Thursday, August 23, 2012

Working Ideas: Criticism to Structuralism

Structuralism, as notoriously Claude Levi-Strauss has been regarded as formulated, is, unfortunately, not fully criticized to my understanding.

What is structuralism?  It is bold claim of mine: not only Levi-Strauss, but also Karl Marx (historian), Mircea Eliade (religious theorist), Victor Turner (anthropologist), Pierre Bourdieu (sociologist), and so on can be regarded as important theorists of structuralism.  This is bold because such figures like Turner and Bourdieu are least likely criticized as structuralists as they have never been.  But, this is the key mistake we did not find traces of structuralism in their thoughts.

Thus, we see limits from the current criticisms to structuralism, those of Clifford Geertz (anthropologist), Michael Foucault (philosopher), Jacque Derrida (philosopher), and, in particular, the recent ANT (Actor-Network-Theory) theorists like Bruno Latour, as they are, to my knowledge, still based on any fixed set of duality.

Maurice Merleau-Ponty in his posthumous manuscript confesses that his formulation of the famous theories on the body has been unsuccessful since he never have overcome the consciousness-object duality.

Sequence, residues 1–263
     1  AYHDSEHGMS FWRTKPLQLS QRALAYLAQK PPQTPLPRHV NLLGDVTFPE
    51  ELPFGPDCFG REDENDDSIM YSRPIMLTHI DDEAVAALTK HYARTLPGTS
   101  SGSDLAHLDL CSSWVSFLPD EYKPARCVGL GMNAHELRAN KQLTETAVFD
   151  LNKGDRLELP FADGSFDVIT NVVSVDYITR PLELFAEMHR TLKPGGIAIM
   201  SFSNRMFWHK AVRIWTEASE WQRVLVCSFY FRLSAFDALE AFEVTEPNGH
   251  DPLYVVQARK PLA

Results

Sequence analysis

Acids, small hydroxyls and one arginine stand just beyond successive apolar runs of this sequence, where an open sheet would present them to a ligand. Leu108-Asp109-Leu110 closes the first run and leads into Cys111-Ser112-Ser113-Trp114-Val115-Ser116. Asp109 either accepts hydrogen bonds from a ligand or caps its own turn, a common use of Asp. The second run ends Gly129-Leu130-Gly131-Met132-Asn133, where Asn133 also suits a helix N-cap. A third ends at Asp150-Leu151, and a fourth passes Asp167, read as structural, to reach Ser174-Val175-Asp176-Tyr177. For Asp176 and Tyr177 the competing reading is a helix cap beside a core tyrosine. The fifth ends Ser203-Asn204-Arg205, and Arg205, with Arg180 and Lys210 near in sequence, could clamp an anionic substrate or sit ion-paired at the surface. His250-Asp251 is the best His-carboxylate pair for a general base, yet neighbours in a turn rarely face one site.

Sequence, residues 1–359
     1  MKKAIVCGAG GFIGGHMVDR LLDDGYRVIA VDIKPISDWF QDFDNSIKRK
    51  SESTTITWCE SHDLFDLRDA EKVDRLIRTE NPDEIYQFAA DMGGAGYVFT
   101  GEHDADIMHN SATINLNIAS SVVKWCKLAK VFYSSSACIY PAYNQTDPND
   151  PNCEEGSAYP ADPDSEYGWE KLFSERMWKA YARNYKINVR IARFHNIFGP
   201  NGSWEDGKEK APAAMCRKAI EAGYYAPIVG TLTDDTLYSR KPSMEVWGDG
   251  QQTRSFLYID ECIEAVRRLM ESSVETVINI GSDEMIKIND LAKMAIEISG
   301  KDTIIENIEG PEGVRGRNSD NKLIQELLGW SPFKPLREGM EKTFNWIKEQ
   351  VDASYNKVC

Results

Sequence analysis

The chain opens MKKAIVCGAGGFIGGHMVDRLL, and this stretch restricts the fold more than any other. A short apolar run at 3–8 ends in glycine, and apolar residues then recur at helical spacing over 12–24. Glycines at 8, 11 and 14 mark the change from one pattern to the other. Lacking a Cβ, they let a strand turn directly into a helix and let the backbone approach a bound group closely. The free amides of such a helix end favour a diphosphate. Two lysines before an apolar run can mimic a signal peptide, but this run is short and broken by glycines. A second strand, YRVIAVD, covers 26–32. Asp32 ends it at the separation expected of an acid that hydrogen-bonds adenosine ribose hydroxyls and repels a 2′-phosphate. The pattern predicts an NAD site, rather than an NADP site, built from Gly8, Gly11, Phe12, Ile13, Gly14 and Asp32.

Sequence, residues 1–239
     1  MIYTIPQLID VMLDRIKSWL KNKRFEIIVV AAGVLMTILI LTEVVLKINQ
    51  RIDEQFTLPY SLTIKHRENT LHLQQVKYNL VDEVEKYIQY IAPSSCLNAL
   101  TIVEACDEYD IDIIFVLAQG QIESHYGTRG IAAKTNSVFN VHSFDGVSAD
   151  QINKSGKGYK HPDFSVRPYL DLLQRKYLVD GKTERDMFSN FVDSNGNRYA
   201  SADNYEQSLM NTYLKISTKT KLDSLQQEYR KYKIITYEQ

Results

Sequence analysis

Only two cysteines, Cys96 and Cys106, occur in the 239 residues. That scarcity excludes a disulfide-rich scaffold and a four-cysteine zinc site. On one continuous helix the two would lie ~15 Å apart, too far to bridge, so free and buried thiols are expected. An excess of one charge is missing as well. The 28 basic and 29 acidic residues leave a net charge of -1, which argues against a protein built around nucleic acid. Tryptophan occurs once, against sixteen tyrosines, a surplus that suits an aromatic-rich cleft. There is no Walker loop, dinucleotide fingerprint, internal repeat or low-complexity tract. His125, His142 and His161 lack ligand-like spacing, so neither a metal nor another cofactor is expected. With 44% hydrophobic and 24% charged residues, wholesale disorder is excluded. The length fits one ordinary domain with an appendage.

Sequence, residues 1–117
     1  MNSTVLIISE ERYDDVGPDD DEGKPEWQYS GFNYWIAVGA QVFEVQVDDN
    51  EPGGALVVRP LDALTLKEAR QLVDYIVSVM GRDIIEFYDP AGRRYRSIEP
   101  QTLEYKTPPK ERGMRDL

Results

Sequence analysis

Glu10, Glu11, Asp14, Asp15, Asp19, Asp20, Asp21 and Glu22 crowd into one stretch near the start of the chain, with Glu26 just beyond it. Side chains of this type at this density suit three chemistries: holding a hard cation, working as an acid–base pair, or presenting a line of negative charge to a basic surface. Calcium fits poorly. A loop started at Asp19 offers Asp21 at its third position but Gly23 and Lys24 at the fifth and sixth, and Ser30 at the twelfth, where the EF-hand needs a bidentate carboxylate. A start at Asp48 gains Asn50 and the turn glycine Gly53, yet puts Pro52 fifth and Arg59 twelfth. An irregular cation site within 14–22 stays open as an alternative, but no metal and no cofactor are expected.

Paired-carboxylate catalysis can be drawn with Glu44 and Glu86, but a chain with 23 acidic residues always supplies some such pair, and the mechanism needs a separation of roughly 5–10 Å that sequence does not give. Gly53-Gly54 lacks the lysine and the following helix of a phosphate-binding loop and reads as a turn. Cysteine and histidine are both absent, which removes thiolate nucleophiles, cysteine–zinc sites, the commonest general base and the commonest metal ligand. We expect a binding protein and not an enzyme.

I consider monism as the key to overcome the duality.  There were not a few theorists in the monist tradition.  Charles Sanders Peirce is the one, but he has been regarded as finally successful, for his formulation of scientific semiotics system was very clear to capture the fluid nature of the world of experience.

Two more figures should be noted: Gregory Bateson (anthropologist) and Gilles Deleuze (philosopher).  It has not well-known the fact that the Deleuze's theories are grounded on to some extent Peirce and Bateson.

A few recent theorists I would call "relational theorists" try to further their ideas on the fluid nature of the world.  Two are foremost: Tim Ingold (anthropologist) and Karen Barad (philosopher).

It will be a very, very long note if I try to explain their "relational" theories in accordance to Peirce's synechism.  However, I believe, a perfect criticism to structuralism is only possible by understanding the synechism, something may be impossible in human thought.

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